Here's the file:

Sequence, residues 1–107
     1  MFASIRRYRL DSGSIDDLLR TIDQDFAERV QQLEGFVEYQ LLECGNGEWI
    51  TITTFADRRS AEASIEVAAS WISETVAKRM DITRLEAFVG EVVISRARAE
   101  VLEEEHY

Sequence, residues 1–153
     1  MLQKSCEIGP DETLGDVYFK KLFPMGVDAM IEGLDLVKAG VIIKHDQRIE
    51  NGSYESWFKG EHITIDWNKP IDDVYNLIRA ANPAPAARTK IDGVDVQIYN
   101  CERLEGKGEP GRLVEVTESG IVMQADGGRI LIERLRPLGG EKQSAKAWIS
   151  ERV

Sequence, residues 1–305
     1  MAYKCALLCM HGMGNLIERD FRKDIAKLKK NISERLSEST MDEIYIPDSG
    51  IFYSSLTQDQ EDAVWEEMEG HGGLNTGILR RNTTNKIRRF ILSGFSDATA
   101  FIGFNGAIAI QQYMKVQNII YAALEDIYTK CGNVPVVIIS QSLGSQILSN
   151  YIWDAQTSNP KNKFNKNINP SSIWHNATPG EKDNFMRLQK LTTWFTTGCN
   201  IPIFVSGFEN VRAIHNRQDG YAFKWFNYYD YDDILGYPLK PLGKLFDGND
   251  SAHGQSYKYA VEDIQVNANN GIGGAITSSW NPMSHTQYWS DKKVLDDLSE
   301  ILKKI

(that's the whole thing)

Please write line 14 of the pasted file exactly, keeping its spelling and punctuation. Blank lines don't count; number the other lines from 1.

   151  YIWDAQTSNP KNKFNKNINP SSIWHNATPG EKDNFMRLQK LTTWFTTGCN